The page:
Lawmakers protest possible deportation of Langley Park mother
Rally planned Monday in support of woman arrested for misdemeanor
A protest is planned Monday to fight the possible deportation of a 26-year-old Langley Park mother who was arrested for selling phone cards without a license from her home.
"She's not a threat," said Del. Victor Ramirez (D-Dist. 47) of Cheverly. "Should you really be deporting a non-violent mother of three? There are much bigger problems we could be using our resources for."
Four county police officers arrested Florinda Faviola Lorenzo-Desimilian at her apartment in the Gables Residential complex Tuesday night for allegedly selling pre-paid phone cards out of her home. She was charged with doing business without a trader's license, which is a misdemeanor, according to court records.
Police took Lorenzo-Desimilian, who has a 13-month-old baby, a 5-year-old and a 10-year-old, to the county jail, where, under a new cooperation program with the federal government, she was flagged for deportation by the Immigration and Customs Enforcement agency, who picked her up around 11:30 a.m., sources said.
It is unclear why she was flagged, and attempts to reach the ICE public affairs office in Washington, D.C., were not returned this morning.
Police and community activists familiar with the case say that she had overstayed two work visas, which allow residents of other countries to stay in the United States for an allotted period of time.
Police have held her for two days amid protests from several lawmakers and Casa De Maryland, a nonprofit that assists on immigrant issues, who are calling on her release. Casa members said they plan to protest Monday night at the county corrections center in Upper Marlboro.
Lorenzo-Desimilian's children are currently staying with visiting grandparents, Casa officials said. Family members declined a request for comment made through the nonprofit organization.
The case is raising new concerns about the county's Secure Communities initiative, which officials launched in December. Under the program, the county agrees to share fingerprints of charged suspects with the federal immigration department, which can screen for immigration violations. Opponents of the policy say cases like Lorenzo-Desimilian's will become more common.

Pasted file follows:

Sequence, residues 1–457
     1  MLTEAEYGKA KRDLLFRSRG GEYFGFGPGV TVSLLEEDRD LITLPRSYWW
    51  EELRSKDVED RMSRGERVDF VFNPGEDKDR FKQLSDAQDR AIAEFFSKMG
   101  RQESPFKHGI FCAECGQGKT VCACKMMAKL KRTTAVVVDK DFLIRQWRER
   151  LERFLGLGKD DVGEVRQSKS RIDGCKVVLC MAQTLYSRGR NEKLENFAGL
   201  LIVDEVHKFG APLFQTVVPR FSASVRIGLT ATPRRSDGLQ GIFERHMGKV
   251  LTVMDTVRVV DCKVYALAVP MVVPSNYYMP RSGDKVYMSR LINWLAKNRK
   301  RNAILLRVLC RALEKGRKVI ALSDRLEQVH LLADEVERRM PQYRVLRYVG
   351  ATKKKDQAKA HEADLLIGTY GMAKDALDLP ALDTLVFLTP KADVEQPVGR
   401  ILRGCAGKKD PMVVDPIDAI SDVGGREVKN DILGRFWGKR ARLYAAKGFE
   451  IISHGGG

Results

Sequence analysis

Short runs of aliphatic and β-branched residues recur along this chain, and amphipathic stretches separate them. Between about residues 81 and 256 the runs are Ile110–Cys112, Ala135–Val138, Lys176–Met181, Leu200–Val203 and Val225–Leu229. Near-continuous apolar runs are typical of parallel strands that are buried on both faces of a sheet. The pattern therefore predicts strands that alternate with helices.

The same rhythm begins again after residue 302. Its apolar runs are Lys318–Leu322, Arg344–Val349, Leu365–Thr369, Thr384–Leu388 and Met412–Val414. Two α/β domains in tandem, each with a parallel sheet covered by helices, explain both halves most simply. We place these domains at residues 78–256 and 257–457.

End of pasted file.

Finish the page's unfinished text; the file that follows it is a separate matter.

"There are a lot of concerns from this case. First, we have police arresting people for something silly like this," said Kim Propeack, director of community relations for Casa. "Then, we have our county working to deport people like this."
Propeack and others warned that this incident could erode community goodwill that the county police have worked to establish with the county's north Latino community for years.
"This is going backward instead of forward," she said.
County police said they were unfamiliar with the case Friday and declined to comment immediately. Vernon Herron, the county's public safety director, said the county had no choice to turn her over to federal agents.
"[ICE] filed a detainer. They said they wanted her," Herron said. "We can't pick and choose who to charge with breaking the law."
Lorenzo-Desimilian is currently in ICE custody, officials said.
"Homeland security should be going after terrorists, not people who are making a living," Ramirez said.
As of April 1, Prince George's County's corrections department had turned over 109 foreign-born people to ICE for deportation proceedings. Though the program is supposed to target violent offenders, opponents say people facing minor charges, such as Lorenzo-Desimilian, will get caught up as well.
It is unclear why the woman was taken to the county detention center on the minor charge. Propeack alleges that two other people were charged during the Tuesday raid and were given written citations. Police were unable to give details on Lorenzo-Desimilian's detention by press time.
"This is exactly the kind of case that illustrates how ICE is pouring resources into its least important cases," said Propeack, who added she is concerned that Latinos may soon be profiled by police as potential illegal immigrants.
Opponents want the county to hold off screening for illegal immigrants until after they are convicted of a crime or unless they are charged with a violent offense.
"Go get a real criminal," said Del. Jolene Ivey (D-Dist. 47) of Cheverly, who said she also opposes the course of action taken against Lorenzo-Desimilian. "She's not hurting anybody."
E-mail Daniel Valentine at firstname.lastname@example.org.